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Figure 1. Summary of initial criticism at ASCO 2018 presented by Ginger J. Gardner, MD.
Figure 1. Summary of initial criticism at ASCO 2018 presented by Ginger J. Gardner, MD.
Jcm 11 04919 g001
Table 1. Comparison of recurrence rates (RR) in different surgical trials of cervical cancer [21,22,23].
Table 1. Comparison of recurrence rates (RR) in different surgical trials of cervical cancer [21,22,23].
NRecurrencesRR (%)NRecurrencesRR (%)
LACC 201831272.2319247.5
Shiah et al., 20172022110.41091110.1
Wallin et al., 20171551610.31492013.4
Sert et al., 2016232219.0259239.0
Zanagnolo et al., 20161041110.6203188.8
Table 2. Comparison of oncologic outcome in expert surgeon trials [24,25,26,27].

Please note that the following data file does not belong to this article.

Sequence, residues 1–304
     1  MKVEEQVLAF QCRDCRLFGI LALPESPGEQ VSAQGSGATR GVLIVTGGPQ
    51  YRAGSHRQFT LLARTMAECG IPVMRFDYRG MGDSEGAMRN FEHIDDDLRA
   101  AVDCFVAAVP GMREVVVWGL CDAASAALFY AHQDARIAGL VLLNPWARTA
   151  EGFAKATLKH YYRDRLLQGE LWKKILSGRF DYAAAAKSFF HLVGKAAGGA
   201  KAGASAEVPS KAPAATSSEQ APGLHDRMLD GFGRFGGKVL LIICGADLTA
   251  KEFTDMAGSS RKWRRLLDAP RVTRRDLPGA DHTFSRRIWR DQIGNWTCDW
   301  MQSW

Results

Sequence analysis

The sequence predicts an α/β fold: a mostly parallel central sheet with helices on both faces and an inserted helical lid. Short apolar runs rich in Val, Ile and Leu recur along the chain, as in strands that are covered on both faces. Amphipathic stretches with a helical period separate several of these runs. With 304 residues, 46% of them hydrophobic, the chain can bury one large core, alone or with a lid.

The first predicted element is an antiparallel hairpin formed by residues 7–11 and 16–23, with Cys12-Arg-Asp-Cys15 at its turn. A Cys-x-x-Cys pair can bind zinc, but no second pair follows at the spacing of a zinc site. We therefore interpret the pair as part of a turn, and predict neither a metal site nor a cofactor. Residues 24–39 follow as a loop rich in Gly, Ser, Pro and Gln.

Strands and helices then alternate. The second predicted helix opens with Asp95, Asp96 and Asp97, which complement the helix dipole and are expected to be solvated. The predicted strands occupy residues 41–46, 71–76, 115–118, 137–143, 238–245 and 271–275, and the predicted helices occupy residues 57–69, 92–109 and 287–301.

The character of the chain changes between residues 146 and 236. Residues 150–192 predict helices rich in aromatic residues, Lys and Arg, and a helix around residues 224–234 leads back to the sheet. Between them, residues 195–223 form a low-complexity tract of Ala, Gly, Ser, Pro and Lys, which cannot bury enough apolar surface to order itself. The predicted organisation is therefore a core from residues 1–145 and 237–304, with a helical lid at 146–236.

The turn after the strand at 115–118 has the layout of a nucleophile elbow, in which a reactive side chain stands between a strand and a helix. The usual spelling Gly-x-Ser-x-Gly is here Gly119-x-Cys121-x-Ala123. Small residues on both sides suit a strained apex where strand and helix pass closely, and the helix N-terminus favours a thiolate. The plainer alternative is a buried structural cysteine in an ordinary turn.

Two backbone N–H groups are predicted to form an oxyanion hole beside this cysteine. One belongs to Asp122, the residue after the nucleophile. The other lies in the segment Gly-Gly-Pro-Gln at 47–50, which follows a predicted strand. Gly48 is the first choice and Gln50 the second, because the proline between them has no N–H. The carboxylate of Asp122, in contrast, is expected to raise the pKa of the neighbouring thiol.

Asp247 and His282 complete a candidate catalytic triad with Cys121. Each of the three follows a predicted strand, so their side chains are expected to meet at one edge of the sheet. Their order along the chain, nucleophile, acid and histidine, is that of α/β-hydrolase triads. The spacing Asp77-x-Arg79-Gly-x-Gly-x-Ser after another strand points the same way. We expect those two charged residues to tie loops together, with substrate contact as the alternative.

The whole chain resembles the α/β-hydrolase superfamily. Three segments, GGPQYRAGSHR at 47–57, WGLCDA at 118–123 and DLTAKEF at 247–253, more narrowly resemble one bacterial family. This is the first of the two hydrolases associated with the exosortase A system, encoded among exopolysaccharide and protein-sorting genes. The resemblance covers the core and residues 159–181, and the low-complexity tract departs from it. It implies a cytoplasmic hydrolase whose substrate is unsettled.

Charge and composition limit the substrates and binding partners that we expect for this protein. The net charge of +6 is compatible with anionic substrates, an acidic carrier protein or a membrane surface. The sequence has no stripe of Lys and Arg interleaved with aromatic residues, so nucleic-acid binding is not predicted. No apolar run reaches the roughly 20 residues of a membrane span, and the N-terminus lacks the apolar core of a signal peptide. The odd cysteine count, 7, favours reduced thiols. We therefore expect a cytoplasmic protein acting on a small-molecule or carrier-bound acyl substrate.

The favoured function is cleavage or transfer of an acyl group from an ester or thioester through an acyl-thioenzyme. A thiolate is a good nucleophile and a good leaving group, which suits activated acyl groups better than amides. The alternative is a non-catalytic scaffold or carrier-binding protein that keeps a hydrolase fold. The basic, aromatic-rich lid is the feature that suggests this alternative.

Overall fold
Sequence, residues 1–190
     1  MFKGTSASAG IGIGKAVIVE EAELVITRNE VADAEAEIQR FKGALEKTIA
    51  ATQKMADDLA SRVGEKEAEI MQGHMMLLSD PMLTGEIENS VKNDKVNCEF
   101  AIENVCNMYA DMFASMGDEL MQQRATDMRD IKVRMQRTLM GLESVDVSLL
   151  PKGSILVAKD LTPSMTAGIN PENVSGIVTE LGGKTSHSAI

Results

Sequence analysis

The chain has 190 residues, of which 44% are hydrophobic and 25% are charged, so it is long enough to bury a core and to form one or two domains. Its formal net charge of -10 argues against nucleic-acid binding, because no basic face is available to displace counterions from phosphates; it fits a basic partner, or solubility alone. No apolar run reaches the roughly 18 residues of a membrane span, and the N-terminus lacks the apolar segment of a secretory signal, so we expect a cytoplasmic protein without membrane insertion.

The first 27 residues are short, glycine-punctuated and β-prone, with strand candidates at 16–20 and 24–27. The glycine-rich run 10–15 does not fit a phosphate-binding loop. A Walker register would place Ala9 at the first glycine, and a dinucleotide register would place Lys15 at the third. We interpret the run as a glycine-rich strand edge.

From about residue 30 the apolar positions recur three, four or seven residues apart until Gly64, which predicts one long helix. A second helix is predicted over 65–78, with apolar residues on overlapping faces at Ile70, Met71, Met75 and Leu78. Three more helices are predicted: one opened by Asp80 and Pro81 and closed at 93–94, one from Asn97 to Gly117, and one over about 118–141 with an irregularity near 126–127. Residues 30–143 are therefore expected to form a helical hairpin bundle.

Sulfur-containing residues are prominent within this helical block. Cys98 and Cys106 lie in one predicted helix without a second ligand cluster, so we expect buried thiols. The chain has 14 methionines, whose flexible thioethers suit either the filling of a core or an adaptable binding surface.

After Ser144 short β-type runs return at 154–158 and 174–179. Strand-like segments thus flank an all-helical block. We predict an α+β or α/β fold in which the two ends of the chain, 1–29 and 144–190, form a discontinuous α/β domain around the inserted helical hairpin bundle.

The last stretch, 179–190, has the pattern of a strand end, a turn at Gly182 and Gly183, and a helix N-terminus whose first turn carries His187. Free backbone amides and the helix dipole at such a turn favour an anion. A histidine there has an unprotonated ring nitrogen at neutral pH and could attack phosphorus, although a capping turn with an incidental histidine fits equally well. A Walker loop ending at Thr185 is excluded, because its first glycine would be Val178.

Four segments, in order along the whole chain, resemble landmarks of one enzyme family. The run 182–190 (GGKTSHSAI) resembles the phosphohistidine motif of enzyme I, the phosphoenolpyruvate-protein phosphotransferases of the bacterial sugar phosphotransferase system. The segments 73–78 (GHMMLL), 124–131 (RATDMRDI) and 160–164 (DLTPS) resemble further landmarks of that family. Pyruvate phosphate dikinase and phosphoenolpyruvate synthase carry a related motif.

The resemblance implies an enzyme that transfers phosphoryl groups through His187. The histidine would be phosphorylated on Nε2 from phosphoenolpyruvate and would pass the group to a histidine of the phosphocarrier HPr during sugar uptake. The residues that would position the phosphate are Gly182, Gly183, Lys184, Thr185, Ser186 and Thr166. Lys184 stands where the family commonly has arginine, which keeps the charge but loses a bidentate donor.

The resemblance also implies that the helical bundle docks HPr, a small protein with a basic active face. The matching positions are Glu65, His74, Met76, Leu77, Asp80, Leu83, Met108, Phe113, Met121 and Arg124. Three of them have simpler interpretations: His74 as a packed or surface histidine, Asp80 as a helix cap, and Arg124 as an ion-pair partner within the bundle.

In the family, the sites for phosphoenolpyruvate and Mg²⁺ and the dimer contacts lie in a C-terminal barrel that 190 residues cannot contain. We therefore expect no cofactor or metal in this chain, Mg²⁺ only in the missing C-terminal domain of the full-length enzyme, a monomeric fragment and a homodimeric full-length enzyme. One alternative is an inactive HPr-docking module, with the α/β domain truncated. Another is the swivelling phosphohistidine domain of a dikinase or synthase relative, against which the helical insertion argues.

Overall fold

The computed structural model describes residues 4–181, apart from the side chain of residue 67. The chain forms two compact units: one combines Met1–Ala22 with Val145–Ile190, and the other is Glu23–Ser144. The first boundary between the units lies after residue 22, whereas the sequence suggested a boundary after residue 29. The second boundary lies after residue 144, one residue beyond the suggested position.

Table 2. Comparison of oncologic outcome in expert surgeon trials [24,25,26,27].
Cibula et al., 2011Hockel et al., 2009Nie et al., 2017Chiantera et al., 2016
Radical hysterectomiesTMMRRobot vs Laparoscopic RHL-TMMR
Median FU 55 monthsMedian FU 41 monthsMedian FU: not reportedMedian FU 18 months
120 IB1159 IB1–IIA (total 212)IB1 592IB1: 61
Adjuvant treatment 6.4%Adjuvant treatment 3.7% (No RT)Adjuvant treatment 40% robotic and 55% laparoscopicAdjuvant treatment 36.6%
Recurrences in IB1: 3/120 (2.5%)Recurrences 3/159 (1.9%)Recurrences in 32/856 (3.7%) (0 recurrences in robotic arm)Recurrences 2/71 (2.8%)
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Gasimli, K.; Wilhelm, L.; Becker, S.; De Wilde, R.L.; Tahmasbi Rad, M. New Insights on the Minimal-Invasive Therapy of Cervical Cancer. J. Clin. Med. 2022, 11, 4919.

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Gasimli K, Wilhelm L, Becker S, De Wilde RL, Tahmasbi Rad M. New Insights on the Minimal-Invasive Therapy of Cervical Cancer. Journal of Clinical Medicine. 2022; 11(16):4919.

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Gasimli, Khayal, Lisa Wilhelm, Sven Becker, Rudy Leon De Wilde, and Morva Tahmasbi Rad. 2022. "New Insights on the Minimal-Invasive Therapy of Cervical Cancer" Journal of Clinical Medicine 11, no. 16: 4919.